NEW YORK ( TheStreet) -- One of the positive attributes of the ETF industry is that it offers access to segments of the market and sophisticated strategies that would not be easily accessible for the majority of market participants. The most recent product line from the "sophisticated strategies" realm comes in the form of so-called spread ETFs from FactorShares.
Going a little deeper, all of the funds are levered 2 to 1 by the use of futures contracts such that if the S&P 500 outperforms the U.S. dollar by 1% the S&P 500 Bull/U.S. Dollar Bear should go up by 2%. Given some of the huge moves lately in crude oil, the 2X: Oil Bull/S&P 500 Bear stands to come out of the blocks as being very popular and very volatile should the news moving that market persist. The expense ratio of the funds is 0.75%.
Another point of understanding is that these funds offer a daily reset, their respective objectives are on a daily basis which requires the buying or selling of futures on either side of the spread to have the best chance of meeting the daily objective for each fund. Assuming FactorShares can execute the daily reset correctly then the funds should do what they are supposed to do on a given day. As we have seen with leveraged funds from other providers, this does not mean that these funds will capture their stated objective over any longer period of time.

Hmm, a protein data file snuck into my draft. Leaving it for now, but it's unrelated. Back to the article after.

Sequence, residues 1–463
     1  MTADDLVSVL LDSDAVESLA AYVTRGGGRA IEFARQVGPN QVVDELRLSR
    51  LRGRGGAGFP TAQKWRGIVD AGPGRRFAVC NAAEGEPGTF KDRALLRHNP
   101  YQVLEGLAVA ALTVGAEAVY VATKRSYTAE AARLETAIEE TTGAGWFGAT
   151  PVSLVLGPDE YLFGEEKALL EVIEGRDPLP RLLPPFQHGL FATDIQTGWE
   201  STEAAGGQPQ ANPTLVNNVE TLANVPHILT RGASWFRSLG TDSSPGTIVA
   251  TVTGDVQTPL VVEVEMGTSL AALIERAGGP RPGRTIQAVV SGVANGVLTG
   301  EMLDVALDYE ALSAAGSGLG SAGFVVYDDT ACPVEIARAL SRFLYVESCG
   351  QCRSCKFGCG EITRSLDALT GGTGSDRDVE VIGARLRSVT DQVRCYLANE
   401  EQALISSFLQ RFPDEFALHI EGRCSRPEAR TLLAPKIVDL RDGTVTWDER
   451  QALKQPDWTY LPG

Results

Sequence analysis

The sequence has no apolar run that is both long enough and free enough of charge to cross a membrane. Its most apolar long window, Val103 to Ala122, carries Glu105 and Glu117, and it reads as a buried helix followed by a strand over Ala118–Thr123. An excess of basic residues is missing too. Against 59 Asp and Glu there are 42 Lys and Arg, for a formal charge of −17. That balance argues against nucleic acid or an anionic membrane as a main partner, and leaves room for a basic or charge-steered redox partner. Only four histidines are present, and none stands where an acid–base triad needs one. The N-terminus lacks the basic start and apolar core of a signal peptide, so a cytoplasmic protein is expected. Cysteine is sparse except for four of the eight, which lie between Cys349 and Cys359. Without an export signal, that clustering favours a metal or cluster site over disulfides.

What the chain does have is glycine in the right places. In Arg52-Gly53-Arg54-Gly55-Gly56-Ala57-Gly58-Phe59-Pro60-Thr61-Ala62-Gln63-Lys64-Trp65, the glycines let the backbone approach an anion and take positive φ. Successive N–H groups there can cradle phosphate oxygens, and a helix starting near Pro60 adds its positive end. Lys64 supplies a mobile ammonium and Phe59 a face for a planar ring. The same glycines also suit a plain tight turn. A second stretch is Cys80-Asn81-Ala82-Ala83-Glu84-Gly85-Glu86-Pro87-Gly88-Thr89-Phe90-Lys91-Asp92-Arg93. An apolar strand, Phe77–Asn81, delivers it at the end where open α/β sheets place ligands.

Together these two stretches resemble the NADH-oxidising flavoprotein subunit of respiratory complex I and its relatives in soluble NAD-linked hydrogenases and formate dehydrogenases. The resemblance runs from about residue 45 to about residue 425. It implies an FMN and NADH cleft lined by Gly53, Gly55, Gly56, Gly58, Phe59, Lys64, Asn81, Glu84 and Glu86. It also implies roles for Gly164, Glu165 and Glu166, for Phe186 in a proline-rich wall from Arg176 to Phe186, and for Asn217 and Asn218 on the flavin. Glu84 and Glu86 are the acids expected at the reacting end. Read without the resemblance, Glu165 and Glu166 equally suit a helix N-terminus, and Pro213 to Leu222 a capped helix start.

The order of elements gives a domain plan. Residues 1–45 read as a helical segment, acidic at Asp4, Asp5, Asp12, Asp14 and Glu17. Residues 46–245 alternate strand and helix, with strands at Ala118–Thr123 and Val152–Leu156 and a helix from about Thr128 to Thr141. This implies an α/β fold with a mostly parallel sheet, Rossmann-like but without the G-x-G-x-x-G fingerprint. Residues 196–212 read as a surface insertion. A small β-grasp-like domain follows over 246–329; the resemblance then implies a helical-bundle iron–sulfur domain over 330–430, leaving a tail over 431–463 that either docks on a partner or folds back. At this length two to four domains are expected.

The most glaring example of a fund "not working" over a long period of time might be from 2008 when the iShares DJ US Real Estate Fund (IYR) was down 44% and the ProShares Ultra Short Real Estate (SRS) was down 52%. However, over the last 12 months, IYR was up 36% and SRS was down 61% which is pretty close. The point here is that there is no way to know what a levered fund will do over any time frame longer than the stated objective, it all depends on the combination of up and down days which is of course not knowable in advance.